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An Overview of Traditional Chinese Medicine_Final

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>> Hi. Today, we're going to discuss some basic concepts and principles of traditional Chinese medicine and their application to gut health. In this course, we seek to provide you with a variety of theories and modalities to broaden your thinking and perspective of gut health. This involves exploring the various approaches, both conventional and alternative, that your clients may be interested in exploring in addition to health coaching. The ability to inform and educate your clients about additional resources for their health is invaluable. Traditional Chinese medicine, which is sometimes abbreviated as TCM or referred to as East Asian medicine, is a practice that's firmly rooted in physiology and the study of living beings. Western medicine studies both living subjects and cadavers, while TCM practitioners only study their living patients. They believe that the body is a dynamic system of currents or energy that's constantly moving. Chinese medicine is one of the oldest practiced forms of medicine, but it only started gaining traction in the Western world in the 1970s. Here, we're most familiar with acupuncture, the practice of inserting needles into specific points on the skin to stimulate energy flow along meridians to treat various conditions. But TCM is much more than this. It includes a full range of treatments including movement, qi gong, tai chi, dietary recommendations, herbs, and massage. Traditional Chinese medicine uses a different paradigm than Western medicine. This doesn't mean that one is right and one is wrong. It's not necessary to subscribe to one over the other rather these modalities can complement each other. We're moving into a new era where various modalities can collaborate to support one another. Think of it like bio-individuality. Your clients can pick and choose the elements that make the most sense to them. Many concepts are perhaps described in more detail by Western medicine, but both will often address the same issues in their own ways. For example, TCM doesn't have the concept of a nervous system, but it does include adaptogens, which are herbs that help the cope with stress. Think of them as different lenses through which to view the same human body. TCM has its own language and paradigm for describing imbalances in the body. Let's start with the concepts of jing, shen, and qi. Jing is similar to the Western concept of genetics. It's the energy or essence we're born with, and it determines what qualities we inherit. It's thought of as the material bases for the physical body, and it's stored in the kidneys. Too much stress, substance abuse, and poor diet can diminish one's jing. Sort of like the aging process. Some parallels can be drawn to the Western concept of the adrenals. Shen is the spirit or psyche. Processing one's emotions is an essential component of health in TCM. Health and vitality are largely dependent on a healthy state of mind. Shen is stored in the heart and the blood vessels, and the health of shen is said to be seen in the eyes, which are considered the windows to the soul. A healthy shen is dependent on qi. Qi is what gives the body energy and fuels the blood. It's carried in and is inseparable from the blood. Qi is gained from food and breath. Food and nutrients are absorbed in the bloodstream, where they mix with the blood to form qi and propel life. Qi is created by the Spleen, that is the Spleen in Chinese medicine. This is different than the organ we know as the spleen in the West. More on that later, but for now, just know that in TCM, the Spleen is involved in digestion. Qi is said to be formed from the combination of yin and yang. We'll explore this later on too, but for now, just keep in mind that Chinese medicine explains the essence of life in terms of jing, shen, and qi. This is similar to the Western idea of mind, body, and spirit. Meridians are another important concept of Chinese medicine. These are paths in the body that qi flows through. You can think of meridians like a distribution network for energy, fluids, and blood. Meridians should not be mistaken with blood vessels, however. They're a system of energy, not an actual anatomical structure. This complex system of pathways is believed to connect and deliver vital energy to all points of the body. Meridians connect acupuncture points in the body creating networks. Each meridian and its points are correlated with specific organs. In TCM, when sickness occurs, it can be due do a blockage or an area where qi isn't flowing. Blockages can be addressed through meridians and acupuncture points. Now that you have an idea of these basic concepts, let's go over five of the basic principles of Chinese medicine. To regain health, the underlying disharmony must be discovered and addressed. Suppression of symptoms isn't enough. The goal in TCM is to strengthen the body, mind, and spirit, and to build resiliency. The best approach to health is to treat disease before it occurs. Optimal health isn't a static state of being. Our bodies are always trying to find balance. Every moment your health is determined by the choices you make. Movement is essential for the body. And our bodies are influenced by nature and will thrive best when life is lived in accordance with nature and its rhythms. Let's stop and think for a moment and compare these principles to the concepts you learned in the Health Coach Training Program and in this course. Do you see any parallels? In which ways do you see connections? And how many of these principles do you subscribe to yourself? Grab a piece of paper and a pen, pause the video, and write down your thoughts. Which of these five principles of Chinese medicine resonate with you and where have you seen them before? We'd love to see what you came up with, so be sure to share your thoughts later on in the Facebook group. Now that we've talked about the basic concepts and principles, let's explore how all of this relates to gut health. Let me preface this by saying that the organs in Chinese medicine don't necessarily correspond to what we think of in modern medicine. For example, the Spleen in Chinese medicine corresponds to what we think of as the pancreas. In text, we differentiate the Chinese organs by capitalizing the first letter. In TCM, the Spleen and Stomach are the organs that are responsible for digestion, nutrient assimilation, and metabolism. The Stomach receives food and liquids and breaks them down, then it sends the result upward to the Spleen. The Spleen separates out the nutrients, and then sends the qi or energy up toward the lungs. Anything useful is made into qi and blood for the body to use. The small intestine receives any waste sending it down the pipe to exit the body. According to this theory, the Spleen essentially regulates digestion while also controlling fluid metabolism. When the Spleen is functioning, one is said to have good appetite, good sense of taste, and strong digestion. If Spleen-qi or energy is low, digestion is weak. Low energy in the Spleen is viewed as dampness which leads to heaviness, fatigue, and poor digestion. This is said to be caused by a poor or irregular diet or consumption of too much cold food. Spleen-qi can also be affected by Liver issues. The Spleen rules logic and reasoning. Stress, mental strain, or too much mental work can take a toll on the Spleen and create various forms of Spleen deficiency. The Spleen likes a dry environment. And these issues can often lead to what's perceived of as dampness in the Spleen, which puts out one's digestive fire. A major sign of Spleen-qi deficiency is a lack of warmth in the body. According to TCM, Spleen imbalance can manifest as poor appetite, frequent colds and flus, nausea, loose stools, inability to fully digest food, diabetes, hypoglycemia, sugar cravings, fatigue, distention, IBS symptoms, acid reflux or indigestion, and fluid retention. Clearly, the Spleen is considered to be very important for overall health in Chinese medicine. Abdominal pain, rumbling, diarrhea, or constipation may be linked to imbalances in either the small or large intestine. Another sign of imbalance in the gut in Chinese medicine is, excuse me, excessive belching, which indicates dysregulation of the proper flow of qi. A practitioner of TCM will look for signs of imbalance in the body by way of symptoms, emotions, and anything else they can glean from the whole person. When evaluating the function of the Spleen, a TCM practitioner will also look at the tongue and pulse as part of the assessment process. Remember how earlier I mentioned that yin and yang create qi, yin and yang are opposite, but complementary energies. Both yin and yang are necessary for life and problems arise when they fall out of balance. In TCM, organs are classified as either yin or yang. Every yin organ is paired with its yang counterpart. For example, the yin Spleen is paired with the yang Stomach. In the body, yin consists of the blood and fluids and the organs that transform these fluids. Yin lubricates the body and is a cooling, relaxing force. Yin organs are the Spleen, Kidneys, Liver, and Heart. Yang organs are like the holding tanks, the Stomach, Small and Large Intestines, and the Gall Bladder are considered yang organs. Yang drives or propels bodily functions. Can you see why the Intestines in the Stomach are yang organs? They propel waste forward. Yang energy protects the exterior, which means it protects against pathogens. Foods are also classified as yin or yang according to their qualities. Therefore, what you eat can either put the body in or out of balance. Yin foods are cool, moist, and expanding. Examples of yin foods include soy products, chocolate, green tea, coffee, honey, leafy greens, fruit, seeds, and cold drinks. Yang foods have a warm and dry quality to them. They include meat, poultry, eggs, spices, root vegetables, cheese, and alcohol. Raw and lightly-prepared foods have yin qualities. The longer you cook foods, the more yang they become. For example, stir frying is more yin, while baking is more yang. In times of stress, we often crave foods with yin qualities, like sugar and coffee, to seek balance. Take a note of when you crave certain foods, ask yourself what might be going on. When the body has too much yang, eating yin foods can help balance it out and vice versa. TCM practitioners believe that a balanced meal is two parts yin and three parts yang. Yin fire is an imbalance that can result from a combination of poor diet, overconsumption, and suppressed emotions. Yin fire occurs when the Stomach and the Spleen are depleted, creating a yin deficiency that results in too much heat in the Heart. In this case, some yin foods such as coffee and alcohol can actually worsen the indeficiency. The goal here is to build yin and reduce excess heat by removing whatever is taxing the body from toxins to stress. Moving forward, another concept to consider from Chinese medicine as it relates to the gut is stagnation, which refers to stuck or non-moving qi. In TCM, this is the root of many diseases, as it's believed to prevent the flow of lymph, blood, and detoxification by the Liver. Stagnation can be caused by overeating and insufficient chewing. Think about how you feel after eating a large heavy meal, this is what stagnation feels like. Stagnation can be at the root of dampness, but this is due to a blockage of energy rather than a lack of nutrients. This is a yin problem, meaning the yin organs usually suffer first. When yang energy is transforming and then transporting food, stagnation can occur. TCM is a mind-body approach, so this conversation wouldn't be complete without talking about how our mental state affects the gut according to this perspective. Recall that shen is the emotional state and that processing emotions is an essential part of health. Apropos of nothing, modern medicine has more recently begun to study how stress and negative emotions can impact the gut. It can be really interesting to explore the parallels between these two perspectives. But getting back to TCM, the following mental states can cause imbalance or depletion of warmth in the Spleen, worry, over-thinking, and over-nurturing of others. Think of caregivers and people who spend a large amount of time taking care of the needs of others. And in Chinese medicine, anger is always considered a sign of imbalance. It's interesting to consider that this modality doesn't view anger as having any proper place within a healthy person. Liver-qi issues are seen as a result of anger and a common diagnosis by TCM practitioners. In Chinese medicine, the Liver is responsible for processing anger. Anger is thought to make a person bitter. TCM practitioners may treat anger with digestive bitters which are often cooling and move the energy back down. Signs of low Liver function include waking up tired, floaters in the eyes, and cold extremities. The Gall Bladder is linked to courage, brazenness, and the ability to make decisions. TCM proposes that when a person is hesitant to make decisions or is too timid, they may have an issue with their Gall Bladder. In Chinese medicine, many practices like acupuncture are aimed at calming the shen so that the organs in the body can function properly. Chinese medicine also believes that the microcosm is a reflection of the macrocosm. That means that your environment affects your body. For example, a damp condition in the body could be created by an external environment like being in a damp, wet climate. The environment can also be viewed as a teacher. This relationship is explained in the Chinese element theory. In TCM, five elements exist, wood, fire, earth, metal, and water. Every meridian is ruled by an element. The meridian of the Spleen is ruled by the earth element. In the days of ancient Chinese medicine, the Heart was viewed as the central element. Modern Chinese element theory now puts central importance on the earth element since all herbal medications must be processed through the digestive system. This brings us back to the fact that digestion is a cornerstone of traditional Chinese medicine and health. As Zhang Jie Bin, a respected TCM physician who lived during the Ming dynasty, once wrote, "The doctor who wants to nourish life has to tonify the Stomach and Spleen." We've only skimmed the surface in this lecture on Chinese medicine, but we've hopefully piqued your interest enough to do some further research, and now you have the basic understanding of TCM's main teaching. So let's recap, traditional Chinese medicine is full of concepts that sound quite different from Western medicine, but these two healing modalities actually have a lot of crossover in their treatments. As an Integrative Nutrition Health Coach, having a basic understanding of what TCM is and how these practitioners may be able to support your clients will expand your capacity to be a bridge to wellness options for your clients. In TCM, the three life essences are jing, shen, and qi. Qi is our life force which is carried in the blood. It's made from yin and yang components which we take into the body through nourishment. The body is connected through meridians which encompass the acupuncture points and correspond with the various organs. Sickness occurs through imbalances that can be traced back to energy flow along specific meridians and points. TCM places a large emphasis on gut health which it conceptualizes primarily through the health of what's considered to be the Spleen. While the terminology between Eastern and Western medicine when it comes to gut health is very different. The basic principles of gut health are strikingly similar. So were you familiar with Chinese medicine before this lecture or is this a new subject for you to explore? What resonates with you? And what concepts of TCM do you find to be challenging or at odds with your perspective of health? Let's get a great discussion going over in the Facebook group. Thank you for watching, and I'll see you soon.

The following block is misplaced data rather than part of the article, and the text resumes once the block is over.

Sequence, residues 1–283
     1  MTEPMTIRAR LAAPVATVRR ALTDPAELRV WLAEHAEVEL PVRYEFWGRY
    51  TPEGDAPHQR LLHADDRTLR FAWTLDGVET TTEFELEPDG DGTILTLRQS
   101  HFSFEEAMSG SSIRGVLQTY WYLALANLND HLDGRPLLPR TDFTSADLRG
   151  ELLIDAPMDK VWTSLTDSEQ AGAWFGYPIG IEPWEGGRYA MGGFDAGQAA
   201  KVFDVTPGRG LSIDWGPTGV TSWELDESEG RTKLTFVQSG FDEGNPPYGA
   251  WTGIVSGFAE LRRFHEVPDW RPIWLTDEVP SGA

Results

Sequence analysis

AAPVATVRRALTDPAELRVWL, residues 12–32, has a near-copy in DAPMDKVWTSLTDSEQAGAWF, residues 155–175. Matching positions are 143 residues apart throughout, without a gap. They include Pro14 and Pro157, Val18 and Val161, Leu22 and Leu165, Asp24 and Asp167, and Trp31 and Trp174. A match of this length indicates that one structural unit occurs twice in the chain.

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Duration: 16 minutes and 54 seconds
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Language: English
License: Dotsub - Standard License
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Views: 7
Posted by: ninaz on Apr 4, 2018

An Overview of Traditional Chinese Medicine_Final